Knowing the true cost of an employee is one thing, but if you’re not including the cost of overhead in your equation, you could be under-billing your clients and losing money! Knowing how to accurately calculate the cost of overhead for each employee will help you determine what to charge and how to remain profitable.
Overhead represents the average cost of benefits per employee. These include all the expenses you pay outside of labor costs — things like building costs, property taxes, and utilities — and they can be calculated either monthly or annually, depending on the needs of your business. To figure it out, just divide your total annual overhead costs by the number of employees at your business.
Want to determine your employee’s billable rate? Take the true cost of your employee per hour (including employee labor costs, overhead, and taxes) and add it to your profit margin. Then divide this number by the number of hours your employee works per year, and you’ve got your billable rate. No more lost profits!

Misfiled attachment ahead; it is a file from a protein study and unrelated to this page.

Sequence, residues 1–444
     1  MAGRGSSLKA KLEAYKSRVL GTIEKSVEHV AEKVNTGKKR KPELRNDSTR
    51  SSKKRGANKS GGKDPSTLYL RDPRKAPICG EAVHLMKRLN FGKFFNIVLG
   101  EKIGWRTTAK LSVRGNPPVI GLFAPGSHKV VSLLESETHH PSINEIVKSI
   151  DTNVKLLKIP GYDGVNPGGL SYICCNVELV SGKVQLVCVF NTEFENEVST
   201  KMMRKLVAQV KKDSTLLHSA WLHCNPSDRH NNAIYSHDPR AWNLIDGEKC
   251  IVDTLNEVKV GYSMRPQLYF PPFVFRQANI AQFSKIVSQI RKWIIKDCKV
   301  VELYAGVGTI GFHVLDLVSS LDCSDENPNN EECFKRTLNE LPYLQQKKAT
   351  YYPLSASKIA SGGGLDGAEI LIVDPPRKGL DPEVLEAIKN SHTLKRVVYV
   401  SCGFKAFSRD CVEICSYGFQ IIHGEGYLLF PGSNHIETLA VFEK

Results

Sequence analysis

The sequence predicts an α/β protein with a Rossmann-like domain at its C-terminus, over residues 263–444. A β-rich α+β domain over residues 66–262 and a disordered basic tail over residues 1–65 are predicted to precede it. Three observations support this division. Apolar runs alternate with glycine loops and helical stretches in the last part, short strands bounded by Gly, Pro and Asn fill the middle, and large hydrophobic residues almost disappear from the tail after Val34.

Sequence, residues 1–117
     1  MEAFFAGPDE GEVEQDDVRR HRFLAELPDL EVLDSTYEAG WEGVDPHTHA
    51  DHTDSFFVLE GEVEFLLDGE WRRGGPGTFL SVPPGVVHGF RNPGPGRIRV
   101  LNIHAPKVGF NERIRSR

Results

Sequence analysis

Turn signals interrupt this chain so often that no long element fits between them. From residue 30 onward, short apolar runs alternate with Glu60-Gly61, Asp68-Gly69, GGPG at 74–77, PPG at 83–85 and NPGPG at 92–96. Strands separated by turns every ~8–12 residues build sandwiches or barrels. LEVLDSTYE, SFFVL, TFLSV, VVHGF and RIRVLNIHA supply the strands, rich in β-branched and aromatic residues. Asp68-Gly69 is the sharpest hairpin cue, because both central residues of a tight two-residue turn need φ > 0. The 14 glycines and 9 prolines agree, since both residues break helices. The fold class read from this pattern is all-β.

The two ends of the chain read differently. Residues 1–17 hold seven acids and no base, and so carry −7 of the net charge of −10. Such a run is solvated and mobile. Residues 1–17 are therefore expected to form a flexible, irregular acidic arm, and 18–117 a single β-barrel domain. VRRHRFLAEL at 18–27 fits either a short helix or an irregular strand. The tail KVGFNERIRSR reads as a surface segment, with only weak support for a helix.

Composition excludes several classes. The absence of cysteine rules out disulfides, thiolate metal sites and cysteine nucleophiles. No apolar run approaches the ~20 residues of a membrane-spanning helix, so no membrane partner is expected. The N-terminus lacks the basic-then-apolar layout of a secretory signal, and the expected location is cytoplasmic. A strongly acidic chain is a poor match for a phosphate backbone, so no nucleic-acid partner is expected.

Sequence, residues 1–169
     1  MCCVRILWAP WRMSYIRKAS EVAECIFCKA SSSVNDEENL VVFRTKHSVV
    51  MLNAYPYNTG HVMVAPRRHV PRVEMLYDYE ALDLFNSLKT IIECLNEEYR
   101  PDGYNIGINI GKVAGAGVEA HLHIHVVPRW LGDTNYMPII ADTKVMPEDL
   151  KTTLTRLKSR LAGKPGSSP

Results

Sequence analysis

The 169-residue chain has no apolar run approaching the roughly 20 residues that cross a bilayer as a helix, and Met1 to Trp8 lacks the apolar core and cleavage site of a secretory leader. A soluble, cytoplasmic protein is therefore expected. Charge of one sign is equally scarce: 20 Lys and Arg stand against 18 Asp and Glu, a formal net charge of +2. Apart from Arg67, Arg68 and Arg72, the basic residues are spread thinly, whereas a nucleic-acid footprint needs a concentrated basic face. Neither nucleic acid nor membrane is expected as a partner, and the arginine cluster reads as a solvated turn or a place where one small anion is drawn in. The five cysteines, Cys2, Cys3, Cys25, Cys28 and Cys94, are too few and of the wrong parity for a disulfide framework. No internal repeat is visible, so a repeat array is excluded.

As a business owner, you’re required to pay taxes for the Federal Insurance Contributions Act (FICA), which covers Social Security and Medicare, and the Federal Unemployment Tax Act (FUTA), which funds workforce agencies. On top of that, there are unemployment taxes, which vary by state but can include state income taxes and unemployment insurance.
The Federal Unemployment Tax Act (FUTA) sets your unemployment tax rate per employee at 6 percent, but if you qualify, you can claim a 5.4 percent credit. That would make your FUTA tax rate .6 percent. However, once an employee’s year-to-date earnings surpass $7,000, you no longer have to pay the FUTA federal unemployment tax on that employee for the remainder of the year.